Your Political Virginity.
I don't care how lucky you are. I don't care how amazing your work culture is. If you; dear reader; have not taken a few punches of office-politics; at-least once in your life; you haven't learnt enough.
You think that the bully who made you do all the work in the school project and took all the credit for it; when you were in school; was an asshole?
You have no idea what your first political experience at an organization is going to be like.
You; are still a political virgin.
Days move on and then one seemingly beautiful morning; you find yourself in a hostile political environment of a really-shitty-client-and-his-organization.
That's when it hits you; really hard.
Smack on your face.
It is at this point that you lose it --- your political virginity.
If you survive the blow and find yourself reading this; pat yourself on your back.
You are now a 'manager'; for better or for worse depends on the survival approach you picked.
For me; my first exposure to the stupidest form office politics was at a client; where I was stationed for a period of three months. For the purposes of this post; dear reader; this small client of mine comprising of around a fifty odd people; shall be called Multiplitaxion Inc.
Multiplitaxion Inc, had a team of three genuine builders who were not just surviving but thriving and getting things done.
I called them the three musketeers.
Three young programmers who were; what Steve Yegge would refer to as --- done and getting things smart.
Fun loving guys; who were good at what they did.
What I found most amusing when I met this team; however; was that they had not just survived the politically hostile environment at Multiplitaxion Inc; for months; but had actually thrived in it.
When I joined their team; they were under the management-microscope.
The mere act of joining the team meant that I would be under this microscope too.
Did you push the release on time or were you late by a day?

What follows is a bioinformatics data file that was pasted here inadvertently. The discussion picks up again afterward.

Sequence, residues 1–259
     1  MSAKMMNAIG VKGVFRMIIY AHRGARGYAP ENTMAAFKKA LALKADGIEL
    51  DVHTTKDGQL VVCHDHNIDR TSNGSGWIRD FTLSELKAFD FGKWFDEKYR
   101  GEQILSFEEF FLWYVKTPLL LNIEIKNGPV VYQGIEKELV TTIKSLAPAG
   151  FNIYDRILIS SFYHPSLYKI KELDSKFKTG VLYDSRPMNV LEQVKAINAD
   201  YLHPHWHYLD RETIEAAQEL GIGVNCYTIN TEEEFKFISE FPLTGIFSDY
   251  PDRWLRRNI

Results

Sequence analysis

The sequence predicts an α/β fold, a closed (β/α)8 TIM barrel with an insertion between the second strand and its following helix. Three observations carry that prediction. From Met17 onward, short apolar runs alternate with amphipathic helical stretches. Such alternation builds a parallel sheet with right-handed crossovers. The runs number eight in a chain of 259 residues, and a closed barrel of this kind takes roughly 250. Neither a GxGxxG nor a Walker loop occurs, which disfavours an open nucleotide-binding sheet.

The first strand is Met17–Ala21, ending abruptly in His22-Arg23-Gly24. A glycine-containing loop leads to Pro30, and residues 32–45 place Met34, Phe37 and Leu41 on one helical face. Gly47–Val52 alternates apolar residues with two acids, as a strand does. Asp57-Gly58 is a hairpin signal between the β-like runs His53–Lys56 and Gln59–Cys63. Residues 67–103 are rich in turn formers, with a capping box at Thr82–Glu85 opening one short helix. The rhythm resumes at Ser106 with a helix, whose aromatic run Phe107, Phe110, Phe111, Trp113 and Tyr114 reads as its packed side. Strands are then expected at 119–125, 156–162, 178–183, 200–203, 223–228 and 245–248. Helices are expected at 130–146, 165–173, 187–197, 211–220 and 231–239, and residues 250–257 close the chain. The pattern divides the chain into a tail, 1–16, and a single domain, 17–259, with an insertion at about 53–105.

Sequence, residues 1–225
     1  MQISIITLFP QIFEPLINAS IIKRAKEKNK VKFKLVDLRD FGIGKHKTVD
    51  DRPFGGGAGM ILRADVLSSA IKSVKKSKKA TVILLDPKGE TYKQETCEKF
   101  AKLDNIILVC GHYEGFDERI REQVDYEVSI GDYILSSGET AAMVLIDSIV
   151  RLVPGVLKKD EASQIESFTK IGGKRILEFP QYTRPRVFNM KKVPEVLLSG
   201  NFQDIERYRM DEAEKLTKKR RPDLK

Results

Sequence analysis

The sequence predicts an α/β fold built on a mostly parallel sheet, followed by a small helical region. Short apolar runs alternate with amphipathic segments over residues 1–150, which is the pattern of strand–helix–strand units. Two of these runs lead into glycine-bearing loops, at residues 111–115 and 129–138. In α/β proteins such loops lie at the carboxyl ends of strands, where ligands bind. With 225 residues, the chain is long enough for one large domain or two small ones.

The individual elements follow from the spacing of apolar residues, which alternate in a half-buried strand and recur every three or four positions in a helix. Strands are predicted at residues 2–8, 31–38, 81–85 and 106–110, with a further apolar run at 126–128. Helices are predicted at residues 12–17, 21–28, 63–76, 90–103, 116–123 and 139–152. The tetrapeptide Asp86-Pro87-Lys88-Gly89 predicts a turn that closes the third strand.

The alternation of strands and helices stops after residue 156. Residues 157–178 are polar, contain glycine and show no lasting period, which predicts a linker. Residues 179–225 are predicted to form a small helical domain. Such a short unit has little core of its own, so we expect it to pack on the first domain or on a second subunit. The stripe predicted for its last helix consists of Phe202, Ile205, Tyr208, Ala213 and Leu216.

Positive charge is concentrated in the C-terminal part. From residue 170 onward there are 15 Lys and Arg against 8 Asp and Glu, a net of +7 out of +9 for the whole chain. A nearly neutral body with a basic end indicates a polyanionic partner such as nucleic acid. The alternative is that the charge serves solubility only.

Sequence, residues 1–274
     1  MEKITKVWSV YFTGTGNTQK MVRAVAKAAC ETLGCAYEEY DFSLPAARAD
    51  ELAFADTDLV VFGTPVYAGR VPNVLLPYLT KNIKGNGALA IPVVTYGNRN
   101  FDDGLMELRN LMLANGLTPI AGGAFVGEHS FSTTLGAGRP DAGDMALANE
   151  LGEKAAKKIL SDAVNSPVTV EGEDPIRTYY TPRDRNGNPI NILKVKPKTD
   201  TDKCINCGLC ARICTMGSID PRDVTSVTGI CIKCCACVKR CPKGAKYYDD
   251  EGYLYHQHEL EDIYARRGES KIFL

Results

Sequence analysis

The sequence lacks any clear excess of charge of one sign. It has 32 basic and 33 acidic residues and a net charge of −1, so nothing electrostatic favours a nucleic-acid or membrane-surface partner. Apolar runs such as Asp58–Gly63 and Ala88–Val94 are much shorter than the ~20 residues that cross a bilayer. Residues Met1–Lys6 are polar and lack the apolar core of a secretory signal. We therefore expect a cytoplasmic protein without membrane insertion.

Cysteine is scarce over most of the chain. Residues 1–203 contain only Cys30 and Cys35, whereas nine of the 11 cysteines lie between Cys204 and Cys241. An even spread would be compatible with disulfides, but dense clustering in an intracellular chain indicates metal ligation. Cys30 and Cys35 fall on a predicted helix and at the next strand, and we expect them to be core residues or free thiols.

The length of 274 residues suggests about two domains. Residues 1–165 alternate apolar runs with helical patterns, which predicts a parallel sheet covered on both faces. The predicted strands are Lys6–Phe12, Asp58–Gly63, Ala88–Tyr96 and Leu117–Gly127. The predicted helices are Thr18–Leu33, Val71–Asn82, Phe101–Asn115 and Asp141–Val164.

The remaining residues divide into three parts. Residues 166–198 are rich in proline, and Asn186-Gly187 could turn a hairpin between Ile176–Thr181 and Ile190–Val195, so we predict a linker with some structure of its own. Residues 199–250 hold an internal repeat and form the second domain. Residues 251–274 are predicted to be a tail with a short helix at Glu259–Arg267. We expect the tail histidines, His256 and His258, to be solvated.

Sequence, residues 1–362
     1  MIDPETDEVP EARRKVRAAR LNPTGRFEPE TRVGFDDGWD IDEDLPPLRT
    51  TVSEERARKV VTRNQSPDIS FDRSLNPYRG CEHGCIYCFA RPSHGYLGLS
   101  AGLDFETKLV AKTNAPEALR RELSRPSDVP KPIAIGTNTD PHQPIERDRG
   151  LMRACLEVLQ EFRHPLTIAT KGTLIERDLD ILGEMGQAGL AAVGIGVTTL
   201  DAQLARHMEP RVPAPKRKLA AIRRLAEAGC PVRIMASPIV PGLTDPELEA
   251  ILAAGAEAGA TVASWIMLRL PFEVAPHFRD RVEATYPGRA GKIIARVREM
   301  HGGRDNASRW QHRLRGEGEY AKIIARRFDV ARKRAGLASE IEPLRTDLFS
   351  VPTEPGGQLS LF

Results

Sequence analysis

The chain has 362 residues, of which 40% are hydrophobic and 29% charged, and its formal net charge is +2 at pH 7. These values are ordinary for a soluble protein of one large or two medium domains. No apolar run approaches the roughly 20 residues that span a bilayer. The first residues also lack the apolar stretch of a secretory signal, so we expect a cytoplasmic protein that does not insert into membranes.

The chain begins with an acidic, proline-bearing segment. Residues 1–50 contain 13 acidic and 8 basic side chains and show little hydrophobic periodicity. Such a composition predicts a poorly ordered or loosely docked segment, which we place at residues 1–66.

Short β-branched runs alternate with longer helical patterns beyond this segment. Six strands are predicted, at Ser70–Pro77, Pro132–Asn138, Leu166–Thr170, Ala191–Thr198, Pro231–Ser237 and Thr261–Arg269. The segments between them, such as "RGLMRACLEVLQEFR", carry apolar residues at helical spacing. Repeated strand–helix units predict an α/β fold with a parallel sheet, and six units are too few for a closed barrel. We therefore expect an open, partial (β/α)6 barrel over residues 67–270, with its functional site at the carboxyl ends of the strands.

Did you follow the organizational process and send an internal daily report to your manager?
Did you remember to spell-check your daily status report?
When you are under a management microscope everything you say or do can and will be used against you.
I can give you a thousand reasons about why you might find yourself under the management microscope; but each one of those thousand reasons eventually boils down to this:
Someone up there in the pecking order of your organization does not like you.
You make them feel insecure.
Our microscope at Multiplitaxion Inc; extended all the way; office timings; documentation; discipline; formal attire; you name it and we were being monitored and criticized for it.
The funniest part however; was that none of these three individuals answered any emails pertaining to random irrelevant criticism.
I on the other hand; had an irresistible itch; of providing equally long-winded responses and explanations.
Before I sent out my responses; however; I asked why they did not; and learnt about 'fouls' and 'goals'.
Fouls And Goals.
One of them pointed at a recent email which complained about how we didn't spell-check our status report; smiled and said - 'This right here; is a foul'.
Like all good things; the idea was stupid simple.
Every random criticism being thrown at the team was referred to as a foul.
If there was one fact everyone in this really small team understood it was this:
You do not win soccer matches by fighting over fouls. You win them by scoring goals.
A week before the project ended; we scored.
As a response to a month old email that complained about an internal status report not being spell-checked; one of the three responded with the latest status repot which showed that we were a week ahead of schedule and were done with the project. The report also mentioned that we had a formal sign-off on User Acceptance Testing from the QA department and the business users.
Then; he signed off the email with the words which were on the the lines of:
"This one is spell-checked. Special thanks to you for your continuous support and encouragement during the course of the project".
During the course of the project there were over scores of emails that none of us responded to.
When the project ended I was glad we did not.
This team; dear reader; did not need a manager to sedate the monkeys - we had survived the stupidity of office politics; and we; dear reader had picked the survival path of scoring instead of haggling over fouls and learning the art of whining.
Would I go back to work for this client again?
Something tells me none of us from that team would.
Having said that; what this client of mine, taught me was invaluable.
If you happen to be my manager in future; and if you send me an email; telling me how critical it is to use 'Verdana' font in the internal status report; that only you are going to read; please do not expect a response. You dear; manager; just scored a foul.
I am sorry for not responding but I will try my best to respond when I am done with scoring a goal.
Honest. I will.
Note: This article is a part of a Work In Progress Book. To Read connected articles read the Builders At Work category of this blog.